Of course, a cross should look like a cross: that is, the Crucifix of our Lord Jesus Christ. If there isn’t the Crucifixion scene on your cross (e.g. if it’s someone else’s gift or if you were baptized with that cross), I don’t think it really matters. What you should care about is treating it as a sacred object and being aware of what you wear on your neck.
A cross must be a cross, so that anyone who looks at it should be able to see that it’s a cross and not a pendant, not a toy, not a pin. The Lord warned, “For whosoever shall be ashamed of me and of my words, of him shall the Son of man be ashamed, when he shall come in his own glory, and in his Father’s, and of the holy angels” (Luke 9:26). If you’re an Orthodox Christian and you go to church and take communion, how can you be ashamed of your cross? A Christian must be faithful to Christ and not cheat on him. You can hardly regard those who are attracted to many things at the same time and carried away by fashion trends as Christians. Those who want to wear pendants, should buy pendants and leave crosses to those who really care.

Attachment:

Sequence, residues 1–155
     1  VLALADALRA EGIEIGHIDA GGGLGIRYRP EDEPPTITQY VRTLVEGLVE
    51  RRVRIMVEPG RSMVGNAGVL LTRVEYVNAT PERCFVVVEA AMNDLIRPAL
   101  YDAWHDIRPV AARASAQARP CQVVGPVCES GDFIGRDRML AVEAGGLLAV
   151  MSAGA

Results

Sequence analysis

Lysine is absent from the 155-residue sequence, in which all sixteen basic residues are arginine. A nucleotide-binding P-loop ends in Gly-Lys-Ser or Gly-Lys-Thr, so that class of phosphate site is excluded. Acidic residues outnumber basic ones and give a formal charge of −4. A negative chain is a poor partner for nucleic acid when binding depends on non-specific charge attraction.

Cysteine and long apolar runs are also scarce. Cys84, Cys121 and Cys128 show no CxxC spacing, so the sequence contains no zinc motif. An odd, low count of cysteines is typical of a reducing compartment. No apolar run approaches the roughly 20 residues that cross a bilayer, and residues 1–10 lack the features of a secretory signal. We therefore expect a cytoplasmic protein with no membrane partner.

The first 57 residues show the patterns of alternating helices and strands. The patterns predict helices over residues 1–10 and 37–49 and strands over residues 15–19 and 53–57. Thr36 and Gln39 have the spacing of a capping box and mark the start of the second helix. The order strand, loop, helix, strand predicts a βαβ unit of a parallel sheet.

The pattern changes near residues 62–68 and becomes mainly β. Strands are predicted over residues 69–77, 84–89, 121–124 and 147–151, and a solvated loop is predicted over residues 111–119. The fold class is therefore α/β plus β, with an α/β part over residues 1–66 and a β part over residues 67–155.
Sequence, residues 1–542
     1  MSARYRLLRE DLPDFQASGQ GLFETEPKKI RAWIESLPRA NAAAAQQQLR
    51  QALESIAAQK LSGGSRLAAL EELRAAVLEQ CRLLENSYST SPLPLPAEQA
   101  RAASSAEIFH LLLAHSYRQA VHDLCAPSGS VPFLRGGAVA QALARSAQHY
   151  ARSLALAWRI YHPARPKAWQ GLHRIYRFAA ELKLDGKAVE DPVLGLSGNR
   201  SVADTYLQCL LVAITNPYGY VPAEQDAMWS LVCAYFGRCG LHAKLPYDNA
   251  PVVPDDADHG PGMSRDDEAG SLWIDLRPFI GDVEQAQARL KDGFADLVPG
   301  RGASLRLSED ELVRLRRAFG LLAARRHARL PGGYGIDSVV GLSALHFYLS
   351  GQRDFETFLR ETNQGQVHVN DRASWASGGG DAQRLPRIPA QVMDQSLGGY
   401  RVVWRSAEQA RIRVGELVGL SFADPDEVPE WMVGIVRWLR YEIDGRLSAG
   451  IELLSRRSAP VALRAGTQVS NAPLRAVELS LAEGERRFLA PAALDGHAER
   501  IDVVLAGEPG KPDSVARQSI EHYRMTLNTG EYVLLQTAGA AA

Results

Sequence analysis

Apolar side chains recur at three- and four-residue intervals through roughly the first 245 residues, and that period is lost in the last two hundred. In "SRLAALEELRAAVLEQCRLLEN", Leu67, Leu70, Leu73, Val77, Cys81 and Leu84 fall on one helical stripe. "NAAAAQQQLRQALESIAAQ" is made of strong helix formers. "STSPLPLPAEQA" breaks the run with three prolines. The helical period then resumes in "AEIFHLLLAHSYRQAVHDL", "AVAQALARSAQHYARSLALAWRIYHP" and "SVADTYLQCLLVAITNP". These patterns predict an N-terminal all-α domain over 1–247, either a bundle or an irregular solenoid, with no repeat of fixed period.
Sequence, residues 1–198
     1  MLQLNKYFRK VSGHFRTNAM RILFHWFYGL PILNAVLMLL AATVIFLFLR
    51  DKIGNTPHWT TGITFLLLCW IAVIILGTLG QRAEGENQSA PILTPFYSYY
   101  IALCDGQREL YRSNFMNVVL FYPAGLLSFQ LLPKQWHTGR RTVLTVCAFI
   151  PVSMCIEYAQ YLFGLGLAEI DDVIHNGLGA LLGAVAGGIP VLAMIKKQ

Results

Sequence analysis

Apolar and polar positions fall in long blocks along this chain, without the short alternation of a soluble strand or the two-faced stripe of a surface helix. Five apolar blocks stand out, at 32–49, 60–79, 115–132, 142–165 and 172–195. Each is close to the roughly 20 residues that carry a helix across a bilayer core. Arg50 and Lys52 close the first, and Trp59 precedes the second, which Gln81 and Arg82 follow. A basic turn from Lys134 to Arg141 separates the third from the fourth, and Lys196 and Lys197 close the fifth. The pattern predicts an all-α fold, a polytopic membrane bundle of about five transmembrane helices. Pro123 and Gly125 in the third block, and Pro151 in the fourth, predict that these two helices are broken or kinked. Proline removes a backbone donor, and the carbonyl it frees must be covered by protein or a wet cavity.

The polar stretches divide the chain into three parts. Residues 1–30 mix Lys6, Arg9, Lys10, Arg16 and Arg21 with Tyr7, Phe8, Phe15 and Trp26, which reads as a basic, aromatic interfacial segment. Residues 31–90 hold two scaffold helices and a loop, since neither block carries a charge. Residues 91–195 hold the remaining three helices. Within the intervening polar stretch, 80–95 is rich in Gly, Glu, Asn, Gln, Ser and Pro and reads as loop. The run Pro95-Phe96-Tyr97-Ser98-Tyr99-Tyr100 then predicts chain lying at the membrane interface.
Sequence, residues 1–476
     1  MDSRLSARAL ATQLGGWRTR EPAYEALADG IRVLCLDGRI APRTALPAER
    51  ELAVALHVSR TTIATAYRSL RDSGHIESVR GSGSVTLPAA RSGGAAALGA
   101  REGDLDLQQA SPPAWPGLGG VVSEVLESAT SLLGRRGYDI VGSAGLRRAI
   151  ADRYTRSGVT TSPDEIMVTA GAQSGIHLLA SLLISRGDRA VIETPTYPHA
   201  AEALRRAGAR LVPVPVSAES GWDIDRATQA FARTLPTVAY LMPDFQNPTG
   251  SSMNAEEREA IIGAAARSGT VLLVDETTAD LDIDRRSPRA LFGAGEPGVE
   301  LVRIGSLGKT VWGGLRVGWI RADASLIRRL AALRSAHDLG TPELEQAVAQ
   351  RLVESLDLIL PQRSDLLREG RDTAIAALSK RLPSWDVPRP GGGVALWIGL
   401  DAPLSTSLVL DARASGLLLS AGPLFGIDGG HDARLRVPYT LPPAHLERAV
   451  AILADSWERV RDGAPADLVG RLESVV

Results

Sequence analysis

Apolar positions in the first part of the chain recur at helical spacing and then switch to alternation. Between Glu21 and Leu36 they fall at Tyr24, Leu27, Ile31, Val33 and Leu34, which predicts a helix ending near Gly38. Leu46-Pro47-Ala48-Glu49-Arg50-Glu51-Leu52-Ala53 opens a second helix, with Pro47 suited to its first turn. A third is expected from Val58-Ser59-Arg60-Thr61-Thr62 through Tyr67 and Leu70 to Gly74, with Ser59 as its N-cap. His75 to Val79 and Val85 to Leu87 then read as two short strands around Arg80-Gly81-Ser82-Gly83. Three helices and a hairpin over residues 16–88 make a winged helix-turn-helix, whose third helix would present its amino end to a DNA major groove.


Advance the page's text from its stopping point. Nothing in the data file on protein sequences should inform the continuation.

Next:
Women often wear bracelets composed of many small icons. Should we regard them as acceptable or not?
There are so many products in church stores nowadays. There are dozens of various ladankas, medallions, bracelets, bottles of oil consecrated no one knows where and no one knows by whom, etc. Frankly speaking, I’m skeptical about things like those. You can’t replace the cross with anything else. It’s our primary sacred object. When people wear a bracelet with images of twenty-five saints, what do they do it for? Can’t they pray to their favorite holy intercessors at home? If you regard that bracelet as a charm, are you really a Christian? It’s pure paganism.